Era of the gladiator?

Moviegoers like action and Stoicism gains traction

Issue: "Sad stories, bad laws?," May 27, 2000

Stoicism vs. Scientology? The movie Gladiator sold $35 million worth of tickets its first weekend, May 5-7, four times more than any other movie. It took first place again on May 12-14, grossing $24 million, twice as much as Battlefield Earth, the film starring Scientologist John Travolta and based on a novel by Scientology founder L. Ron Hubbard.

The Stoicism-glorifying Gladiator's $73 million gross in its first 10 days is partly due to the blood-and-guts grossness of its action, including an opening scene vividly showing the battlefield effectiveness of the Roman military machine some 150 years after Christ. Gladiator also has a sympathetic main character, Maximus (played by Russell Crowe). Battlefield Earth, on the other hand, is ''profoundly dreadful'' (The Wall Street Journal) and "inexcusably awful" (WORLD, this issue, p. 17).

But don't completely ignore the significance of Gladiator's religious backdrop. As Christianity underlies Ben Hur, so Stoicism-the worldview central to the conclusion of Tom Wolfe's novel A Man in Full and full of appeal for many reporters who covered John McCain's campaign-underlies the new film. Even though Christianity had a presence in the Roman armies by 180 A.D. (early writers such as Tertullian claimed a famous Roman victory in 174 was due to Christian prayer), Christians are nowhere to be seen in Gladiator, not even as lion food.

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Instead, we are asked to cheer on Maximus, the true heir of philosopher-king Marcus Aurelius, as he defeats Marcus's usurping, hedonistic, sexually licentious son, Commodus. Historians someday will find it fascinating that Bill Clinton in 1992, and his press secretary Dee Dee Myers, were telling reporters time after time that the book that had most influenced him (sometimes he said next to the Bible) was Marcus Aurelius's Meditations. (When Clinton in 1998 was revealed once again as a Commodus, the great columnist Paul Greenberg wrote, "Remember the way Dee Dee Myers once pictured Bill Clinton spending his nights reading Marcus Aurelius? Whenever I'm down, I think of that remark, and it's as good as a whole chapter of Thurber or S.J. Perelman.... Thank you, Dee Dee. Some folks are never funnier than when they're trying to be perfectly serious.")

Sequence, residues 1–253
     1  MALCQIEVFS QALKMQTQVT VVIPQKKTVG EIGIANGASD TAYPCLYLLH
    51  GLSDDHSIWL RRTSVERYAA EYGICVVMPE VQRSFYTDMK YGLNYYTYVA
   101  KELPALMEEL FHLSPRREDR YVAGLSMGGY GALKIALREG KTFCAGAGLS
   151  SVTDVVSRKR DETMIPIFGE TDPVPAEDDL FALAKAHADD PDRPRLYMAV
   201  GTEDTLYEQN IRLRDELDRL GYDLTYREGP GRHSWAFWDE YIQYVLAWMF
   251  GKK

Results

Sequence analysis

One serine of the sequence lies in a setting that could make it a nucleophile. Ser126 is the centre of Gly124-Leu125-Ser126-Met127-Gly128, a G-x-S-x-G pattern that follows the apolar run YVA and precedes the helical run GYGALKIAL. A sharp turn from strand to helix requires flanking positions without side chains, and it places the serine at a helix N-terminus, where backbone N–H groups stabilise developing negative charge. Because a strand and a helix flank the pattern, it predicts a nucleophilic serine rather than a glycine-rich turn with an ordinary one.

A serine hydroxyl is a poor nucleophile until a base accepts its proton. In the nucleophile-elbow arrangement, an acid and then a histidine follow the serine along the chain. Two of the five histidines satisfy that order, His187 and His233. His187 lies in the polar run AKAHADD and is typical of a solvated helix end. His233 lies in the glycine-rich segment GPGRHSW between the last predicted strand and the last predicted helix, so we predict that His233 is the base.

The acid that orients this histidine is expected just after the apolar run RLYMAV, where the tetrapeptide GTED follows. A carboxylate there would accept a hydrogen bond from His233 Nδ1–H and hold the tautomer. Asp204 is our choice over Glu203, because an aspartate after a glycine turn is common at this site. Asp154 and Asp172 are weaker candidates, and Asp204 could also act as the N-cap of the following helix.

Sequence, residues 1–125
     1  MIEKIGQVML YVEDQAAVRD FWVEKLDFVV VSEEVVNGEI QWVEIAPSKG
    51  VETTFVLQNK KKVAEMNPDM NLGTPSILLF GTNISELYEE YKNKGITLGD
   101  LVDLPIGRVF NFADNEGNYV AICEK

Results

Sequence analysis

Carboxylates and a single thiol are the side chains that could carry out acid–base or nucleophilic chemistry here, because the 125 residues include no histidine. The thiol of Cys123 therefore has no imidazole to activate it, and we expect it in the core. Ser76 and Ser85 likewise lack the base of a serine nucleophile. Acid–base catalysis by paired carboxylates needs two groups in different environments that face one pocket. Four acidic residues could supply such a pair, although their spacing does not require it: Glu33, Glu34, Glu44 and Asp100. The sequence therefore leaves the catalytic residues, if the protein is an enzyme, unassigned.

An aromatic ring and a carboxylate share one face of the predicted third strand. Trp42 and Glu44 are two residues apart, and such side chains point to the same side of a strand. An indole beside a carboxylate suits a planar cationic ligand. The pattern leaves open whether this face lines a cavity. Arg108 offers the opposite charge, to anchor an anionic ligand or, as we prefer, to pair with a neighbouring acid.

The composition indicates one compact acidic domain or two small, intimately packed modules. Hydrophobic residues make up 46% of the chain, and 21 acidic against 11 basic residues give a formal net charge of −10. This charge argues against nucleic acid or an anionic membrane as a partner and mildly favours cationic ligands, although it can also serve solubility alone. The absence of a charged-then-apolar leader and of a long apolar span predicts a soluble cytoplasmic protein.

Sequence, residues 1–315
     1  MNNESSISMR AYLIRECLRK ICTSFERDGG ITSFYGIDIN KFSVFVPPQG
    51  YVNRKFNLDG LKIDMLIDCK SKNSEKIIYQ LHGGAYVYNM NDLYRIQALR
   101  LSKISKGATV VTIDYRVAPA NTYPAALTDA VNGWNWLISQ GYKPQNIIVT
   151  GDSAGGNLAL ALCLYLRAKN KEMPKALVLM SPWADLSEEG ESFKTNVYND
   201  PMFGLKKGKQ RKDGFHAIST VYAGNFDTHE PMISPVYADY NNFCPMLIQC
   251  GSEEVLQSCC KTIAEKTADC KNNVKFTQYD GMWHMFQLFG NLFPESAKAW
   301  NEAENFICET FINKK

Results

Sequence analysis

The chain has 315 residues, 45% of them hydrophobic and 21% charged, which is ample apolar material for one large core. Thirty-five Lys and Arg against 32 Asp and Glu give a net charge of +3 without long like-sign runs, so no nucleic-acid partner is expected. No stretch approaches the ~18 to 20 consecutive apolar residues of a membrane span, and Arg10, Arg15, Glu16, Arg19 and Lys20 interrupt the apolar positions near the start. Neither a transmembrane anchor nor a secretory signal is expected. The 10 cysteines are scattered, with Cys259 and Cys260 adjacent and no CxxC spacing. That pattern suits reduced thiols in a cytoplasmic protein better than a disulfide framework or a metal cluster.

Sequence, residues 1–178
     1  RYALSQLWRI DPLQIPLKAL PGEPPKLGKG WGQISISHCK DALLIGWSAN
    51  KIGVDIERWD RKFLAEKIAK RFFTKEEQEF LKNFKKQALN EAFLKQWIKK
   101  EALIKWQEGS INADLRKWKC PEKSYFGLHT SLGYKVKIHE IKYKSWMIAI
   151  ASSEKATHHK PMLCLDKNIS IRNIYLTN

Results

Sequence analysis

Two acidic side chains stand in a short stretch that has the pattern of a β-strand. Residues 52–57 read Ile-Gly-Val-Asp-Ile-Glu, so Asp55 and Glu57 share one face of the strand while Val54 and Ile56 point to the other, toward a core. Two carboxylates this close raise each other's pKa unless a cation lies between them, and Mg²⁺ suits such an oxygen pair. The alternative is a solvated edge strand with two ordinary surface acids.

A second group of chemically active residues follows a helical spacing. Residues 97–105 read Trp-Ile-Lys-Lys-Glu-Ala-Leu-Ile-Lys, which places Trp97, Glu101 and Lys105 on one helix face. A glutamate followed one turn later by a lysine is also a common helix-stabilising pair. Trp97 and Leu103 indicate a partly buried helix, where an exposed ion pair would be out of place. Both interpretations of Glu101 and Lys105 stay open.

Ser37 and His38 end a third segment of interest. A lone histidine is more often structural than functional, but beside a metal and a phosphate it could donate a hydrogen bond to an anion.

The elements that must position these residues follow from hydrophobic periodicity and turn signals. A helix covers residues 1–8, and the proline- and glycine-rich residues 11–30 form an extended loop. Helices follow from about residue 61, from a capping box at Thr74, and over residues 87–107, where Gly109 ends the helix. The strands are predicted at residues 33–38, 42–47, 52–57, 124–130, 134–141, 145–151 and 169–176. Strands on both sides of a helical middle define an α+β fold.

I'm not at all suggesting that Marcus Aurelius is responsible for Bill Clinton, but he was largely responsible for Commodus, and that suggests a great limitation of Stoicism. Stoicism provides a moral code far more Christian in tone than anything hedonism can engender. Marcus Aurelius claimed in his Meditations, a book now selling well in three different editions, that he ruled for the good of his subjects, not his own, as the human representation of the universe's guiding reason. Some historians have called Marcus the greatest philosopher-king ever, and maybe he was.

But Stoicism at its core was and is empty. Maximus dies when he has gained vengeance and pushed political reform-but had he lived, what would he have lived for? Stoicism is fatalistic. Since everything purportedly happens as necessity dictates, he who is wise does not weep, as Jesus wept when a friend died. Stoics are great eliminators of the negative, and may make good governors as they war on corruption, but without much of a positive to accentuate, Stoicism lacks joy.

Christians and moral conservatives have had easy pickings in regard to recent Oval Office hedonism, but the task of cultural criticism will be harder if Stoicism surges as some expect it will. Sharon Lebell, a California author of two books about Stoicism, argues that since the '60s "as a culture, we've been allergic to virtue," but that's all over: Reverberations from the Clinton/Lewinsky moral debacle, she says, have left Americans searching for the clear moral code that Stoicism can provide.

Maybe we are in for a Stoic era, which could represent an improvement on the recent past, but Stoicism in wealthy countries tends to be followed by hedonism, as children see their parents not eating, drinking, and being merry as often as they could, for ... what purpose? Why turn aside from the gusto, if we only go around once in life? Why one moral code rather than another? Why, why, why?

Gladiator, a movie, does not have to answer those questions. In real life, Marcus Aurelius reproached Christians for obstinantly sticking to their answers, and his friend Fronto denounced them. The satirist Lucian of Samosata called Christianity ignorant fanaticism. Sticks and stones soon accompanied words, and the reign of the now-celebrated Stoic emperor became one of the worst periods of anti-Christian persecution. Stoics often became Christophobes because Christians had what they lacked, as medieval lists of the "seven cardinal virtues" showed.


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